The grammar stage is roughly first through fourth grade. I group my kids together by stage because it allows me to work with them more easily. I still do phonics and math one-on-one during this stage. By the end of grammar stage, I expect my kids to be self-sufficient learners. So that is something I work with them on as they grow through this stage. Most things, I read aloud during this stage. We do projects together. I don’t give tests in the grammar stage.
For Bible, I purchased my grammar stage kids the same Bible. We’ll spend time in Morning Basket reading, but also during their group work. I find it easier to have the stage in the exact same Bible because it makes it easier to help them as they find their place and learn to read the Scriptures out loud. I’m not having to look over their shoulder because we all have the same version in our hands. I chose the Adventures in Odyssey NIrV Bible for my kids in this stage this year. I added rainbow Bible tabs to help them find the books of the Bible. The format, the colors, and the little devotional aspects in the Adventures in Odyssey Bible encourage the kids to keep looking, keep reading, and keep searching. It really draws them in. My older grammar kids will also learn the SOAP method of Bible study and do that independently each day. We’ll also be reading The Dragon and the Garden and The Answers Books for Kids Set during our Bible time each day.
For history, I’m using Story of the World, Volume 2 as the spine. We’ll read a chapter 1-2 days each week. I use the Activity Guide to find activities each week, and I use the coloring pages so they can color as I read out loud. (My logic stage kids also use SOTW as a spine. They have the option to sit and listen to me read it or they can read it on their own in their own time. They usually opt to listen in.)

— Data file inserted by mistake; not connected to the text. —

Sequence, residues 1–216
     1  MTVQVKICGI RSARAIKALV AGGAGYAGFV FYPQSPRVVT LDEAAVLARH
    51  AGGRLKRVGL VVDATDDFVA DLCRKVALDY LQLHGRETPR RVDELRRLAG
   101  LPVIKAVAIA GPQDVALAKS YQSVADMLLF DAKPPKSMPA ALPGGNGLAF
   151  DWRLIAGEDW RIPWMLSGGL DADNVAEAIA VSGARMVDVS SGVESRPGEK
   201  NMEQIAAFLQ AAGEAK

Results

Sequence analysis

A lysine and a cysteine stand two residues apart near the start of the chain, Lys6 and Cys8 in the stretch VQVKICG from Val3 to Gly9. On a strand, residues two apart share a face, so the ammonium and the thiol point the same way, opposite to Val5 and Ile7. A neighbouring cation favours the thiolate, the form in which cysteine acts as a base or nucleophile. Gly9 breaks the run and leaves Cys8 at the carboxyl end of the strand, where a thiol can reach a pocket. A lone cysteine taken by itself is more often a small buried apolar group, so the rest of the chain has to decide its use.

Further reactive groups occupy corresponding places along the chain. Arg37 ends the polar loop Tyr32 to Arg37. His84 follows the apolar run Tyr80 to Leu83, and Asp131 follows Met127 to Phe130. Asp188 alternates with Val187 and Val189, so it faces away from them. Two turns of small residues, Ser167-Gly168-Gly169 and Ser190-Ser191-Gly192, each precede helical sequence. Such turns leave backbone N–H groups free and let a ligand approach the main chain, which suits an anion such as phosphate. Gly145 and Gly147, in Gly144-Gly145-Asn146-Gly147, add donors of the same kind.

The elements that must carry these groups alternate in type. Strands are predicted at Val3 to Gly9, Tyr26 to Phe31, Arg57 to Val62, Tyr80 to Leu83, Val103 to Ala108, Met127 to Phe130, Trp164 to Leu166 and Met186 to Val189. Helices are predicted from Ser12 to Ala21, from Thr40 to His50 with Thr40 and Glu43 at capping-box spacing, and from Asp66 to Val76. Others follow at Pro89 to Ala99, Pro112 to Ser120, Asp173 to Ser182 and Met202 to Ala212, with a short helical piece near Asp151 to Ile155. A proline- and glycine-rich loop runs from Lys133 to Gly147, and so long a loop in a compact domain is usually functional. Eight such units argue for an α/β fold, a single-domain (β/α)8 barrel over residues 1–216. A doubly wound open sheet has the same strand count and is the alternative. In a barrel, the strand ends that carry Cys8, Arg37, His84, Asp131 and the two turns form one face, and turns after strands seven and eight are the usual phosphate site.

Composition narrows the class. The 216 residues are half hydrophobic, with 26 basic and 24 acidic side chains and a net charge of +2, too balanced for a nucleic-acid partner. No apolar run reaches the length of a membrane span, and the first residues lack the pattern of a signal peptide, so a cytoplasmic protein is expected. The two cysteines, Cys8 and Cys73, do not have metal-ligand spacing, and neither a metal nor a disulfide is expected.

In addition to a history spine, I use additional books to help us explore the time and events deeper. For the grammar stage, this means we read quite a lot of picture books about history. I usually buy mine from ThiftBooks, because they are cheaper. (That is a referral link. If you’ve never used ThriftBooks before, you can sign up, spend $30 and you’ll get a free book credit! I will also get a free book credit if you use my link.) Though, I do sometimes have to buy them new. You can also check your local library. (I do not use our library as much as I could. I get anxious about borrowed books.) My history supplements for the grammar stage:
For literature this year, we’re doing fairy tales! I find that a fairy tale literature base works extremely well with Medieval History. I like to compare and contrast different tellings of the same stories. So, we’ll have a story each week, but we’ll read it several different ways. And if there is a movie version, we’ll definitely watch that, too. We can discuss how each author tells the story in their own way. It is a lot of fun to compare and contrast different fairy tales. I will warn you, if your kids are super sensitive, some fairy tales are quite dark and disturbing– especially in their original forms. So you may want to pre-read (particularly Grimm’s) and make sure your little one won’t be traumatized. My kids are not sensitive, so it isn’t something I generally worry about with fairy tales. Our spines: